“Coursera, K12, Inc. make bold moves to drive learning”
by Michael Horn (reposted for this site, the link to the article is at the bottom of the page)
In 2013 and 2014, sobriety returned to the world of education and the luster of MOOCs faded some. As I wrote about Coursera last year, although the company held intriguing promise, realizing its potential would require some big pivots.
K12, Inc. similarly stormed through the early 2000s by bringing online learning to the world of K-12 education and went public in 2007. The then-billion-dollar company was flying high—until people became nervous about some of its academic results and operations—and the storm shifted to douse its growth.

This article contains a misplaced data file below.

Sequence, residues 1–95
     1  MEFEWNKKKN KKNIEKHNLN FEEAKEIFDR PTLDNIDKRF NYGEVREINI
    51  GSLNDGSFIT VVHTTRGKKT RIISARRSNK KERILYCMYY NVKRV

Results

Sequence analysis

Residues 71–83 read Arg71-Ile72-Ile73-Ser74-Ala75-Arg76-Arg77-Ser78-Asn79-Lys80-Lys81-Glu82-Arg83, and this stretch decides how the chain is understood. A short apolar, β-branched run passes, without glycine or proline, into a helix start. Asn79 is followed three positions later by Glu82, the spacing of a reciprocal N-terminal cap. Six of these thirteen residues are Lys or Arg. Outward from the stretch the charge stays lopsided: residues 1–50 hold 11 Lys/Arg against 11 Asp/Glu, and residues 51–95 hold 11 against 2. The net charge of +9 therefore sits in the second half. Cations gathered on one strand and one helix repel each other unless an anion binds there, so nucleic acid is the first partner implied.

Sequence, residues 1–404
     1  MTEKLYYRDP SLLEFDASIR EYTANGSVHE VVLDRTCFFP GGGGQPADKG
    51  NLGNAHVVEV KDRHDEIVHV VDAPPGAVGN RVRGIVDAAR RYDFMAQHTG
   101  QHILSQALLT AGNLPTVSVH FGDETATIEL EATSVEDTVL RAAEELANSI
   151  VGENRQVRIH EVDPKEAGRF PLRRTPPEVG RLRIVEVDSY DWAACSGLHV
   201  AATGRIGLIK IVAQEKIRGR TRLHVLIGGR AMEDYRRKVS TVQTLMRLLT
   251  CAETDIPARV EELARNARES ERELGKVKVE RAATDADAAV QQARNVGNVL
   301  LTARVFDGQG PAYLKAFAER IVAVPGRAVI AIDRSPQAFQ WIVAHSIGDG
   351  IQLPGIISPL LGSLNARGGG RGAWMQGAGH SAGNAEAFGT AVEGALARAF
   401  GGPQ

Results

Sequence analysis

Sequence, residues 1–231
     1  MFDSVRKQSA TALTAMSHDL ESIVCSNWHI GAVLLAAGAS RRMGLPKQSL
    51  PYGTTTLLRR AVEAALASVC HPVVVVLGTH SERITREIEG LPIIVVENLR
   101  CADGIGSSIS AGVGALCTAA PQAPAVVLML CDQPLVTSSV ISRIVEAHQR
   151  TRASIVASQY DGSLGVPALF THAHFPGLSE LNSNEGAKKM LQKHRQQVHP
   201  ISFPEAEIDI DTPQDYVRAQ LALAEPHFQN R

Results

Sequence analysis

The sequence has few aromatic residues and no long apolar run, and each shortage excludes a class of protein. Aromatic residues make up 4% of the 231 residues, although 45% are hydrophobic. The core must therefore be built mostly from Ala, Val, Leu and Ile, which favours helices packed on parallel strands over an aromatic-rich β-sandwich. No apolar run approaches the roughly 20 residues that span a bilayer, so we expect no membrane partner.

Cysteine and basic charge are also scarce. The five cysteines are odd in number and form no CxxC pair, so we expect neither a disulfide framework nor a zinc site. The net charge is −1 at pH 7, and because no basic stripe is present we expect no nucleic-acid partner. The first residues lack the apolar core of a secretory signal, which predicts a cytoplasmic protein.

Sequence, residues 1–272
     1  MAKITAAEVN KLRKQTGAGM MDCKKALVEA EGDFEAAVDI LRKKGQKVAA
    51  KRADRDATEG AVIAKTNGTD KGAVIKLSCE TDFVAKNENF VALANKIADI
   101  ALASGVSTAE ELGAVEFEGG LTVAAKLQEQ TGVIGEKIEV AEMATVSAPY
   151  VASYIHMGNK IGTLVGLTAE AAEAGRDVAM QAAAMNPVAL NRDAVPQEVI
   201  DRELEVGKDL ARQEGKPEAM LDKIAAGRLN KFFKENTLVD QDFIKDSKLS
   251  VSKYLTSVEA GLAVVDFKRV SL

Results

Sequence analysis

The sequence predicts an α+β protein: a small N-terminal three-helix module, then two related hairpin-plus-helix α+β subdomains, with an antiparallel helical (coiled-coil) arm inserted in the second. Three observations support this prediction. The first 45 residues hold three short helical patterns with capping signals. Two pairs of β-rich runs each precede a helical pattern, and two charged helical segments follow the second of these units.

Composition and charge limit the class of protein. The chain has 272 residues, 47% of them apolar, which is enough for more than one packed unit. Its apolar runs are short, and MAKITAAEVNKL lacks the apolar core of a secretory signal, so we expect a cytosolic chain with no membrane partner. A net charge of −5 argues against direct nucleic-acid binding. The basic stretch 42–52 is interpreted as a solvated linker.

2015 represents a new beginning for both though—beginnings that hold potential.
As I wrote, Coursera’s initial incarnation never felt to me like it could disrupt higher education. As I told its team, offering courses from the top universities online and claiming that at last, anyone anywhere can access the best learning in the world isn’t correct. The reason is that the top universities do not offer the best teaching and learning experiences. Instead, their faculty members are incentivized heavily to focus on research at the expense of teaching.